Are You Financially Literate?

Financial Literacy (fi-nans'-shal  lit' a-ra-see) n. 1. your knowledge of the facts, concepts, principles and technological tools fundamental to being smart about money.

Cash Course
Complements of the National Endowment for Financial Education (NEFE).

Links to Literacy!

  • Financial Awareness Counseling (Department of Education Counseling full of interactive tools that are linked to the National Student Loan Database System so you can incorporate your actual student loan debt into your financial planning.)
  • NSLP Financial Literacy Online (Website operated by the National Student Loan Program.  Contains online courses on budgeting, contracts, credit, identity theft and more.)
  • 360 Degrees of Financial Literacy (Website operated by The American Institute of Certified Public Accountants.  Contains a special section just for issues related to college students.)
  • MyMoney.Gov (U.S. Government website dedicated to teaching Americans the basics of financial education.  Contains many links to helpful websites, calculators and worksheets.)
  • Financial Goals Worksheet (created by Southwestern College - a worksheet designed to assist you in plannning your financial future.)

Great Ways to Save on Education
The United States government has taken steps to make paying for school easier.  Be sure to consult your tax advisor to determine whether you may take advantage of any of these incentives.

American Opportunity Credit
Claim up to a $2,500 credit on college and other post-secondary expenses, even if you don't owe any taxes.  Learn more on the IRS YouTube website.

HOPE Tax Credit
Qualifying taxpayers can claim a tax credit of up to $1,500 for each qualifying family member who is attending an eligible school.  You can claim 100% of the first $1,000 of your "out-of-pocket" educational expenses for each student, plus 50% of the next $1,000.  The student must be enrolled at least half time and in the first or second year of a degree of certificate granting program.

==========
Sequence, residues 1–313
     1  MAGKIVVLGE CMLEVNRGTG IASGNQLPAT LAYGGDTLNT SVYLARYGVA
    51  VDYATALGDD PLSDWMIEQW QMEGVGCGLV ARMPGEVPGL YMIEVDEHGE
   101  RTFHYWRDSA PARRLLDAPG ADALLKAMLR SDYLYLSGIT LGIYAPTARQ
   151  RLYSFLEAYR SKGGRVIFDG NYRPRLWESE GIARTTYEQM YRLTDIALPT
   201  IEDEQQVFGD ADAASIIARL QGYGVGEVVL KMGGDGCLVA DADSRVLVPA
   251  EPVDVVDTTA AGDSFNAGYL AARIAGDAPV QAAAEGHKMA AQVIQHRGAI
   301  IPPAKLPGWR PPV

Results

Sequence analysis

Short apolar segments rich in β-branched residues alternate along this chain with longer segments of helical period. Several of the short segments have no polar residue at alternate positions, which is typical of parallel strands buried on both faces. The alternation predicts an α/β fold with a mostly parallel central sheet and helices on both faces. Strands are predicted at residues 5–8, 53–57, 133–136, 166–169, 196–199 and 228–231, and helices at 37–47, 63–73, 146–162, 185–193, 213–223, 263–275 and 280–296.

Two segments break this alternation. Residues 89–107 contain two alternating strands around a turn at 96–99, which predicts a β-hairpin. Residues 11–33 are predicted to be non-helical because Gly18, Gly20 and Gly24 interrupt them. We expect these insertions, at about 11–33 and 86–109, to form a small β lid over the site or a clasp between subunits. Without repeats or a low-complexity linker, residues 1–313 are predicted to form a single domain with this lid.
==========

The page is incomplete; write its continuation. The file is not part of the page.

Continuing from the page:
Lifetime Learning Tax Credit
Qualifying taxpayers can claim a maximum credit of up to $2,000 (20% of the first $10,000).  This credit is calculated per family, not per student.  You can claim this credit at any time during a student's education at an eligible school.  The student needs to be enrolled in at least one course.

Coverdell Education Savings Account
This program allows you to save money for future educational expenses.  A Coverdell Account can be established for anyone under 18 years of age.  Contributions are not tax deductible, but the funds grow untaxed.


529 Plans
These state-sponsored investment programs permit taxpayers to make contributions on behalf of a beneficiary.  The account earnings are untaxed until withdrawn for the beneficiary's qualified college education expenses.  Listed below are links to more information about the 529 plans for just a few of our neighboring states. 

For a comprehensive list of plans as well as more information about Saving for College, check out Savingforcollege.com -- a website founded in the spring of 2000 by a curious, mild-mannered public

 

accountant with a mission of helping families figure out ways of paying for college.

Kansas: Learning Quest.
Oklahoma: OK4Saving.
Texas: Savingforcollege.com

 

Financial Aid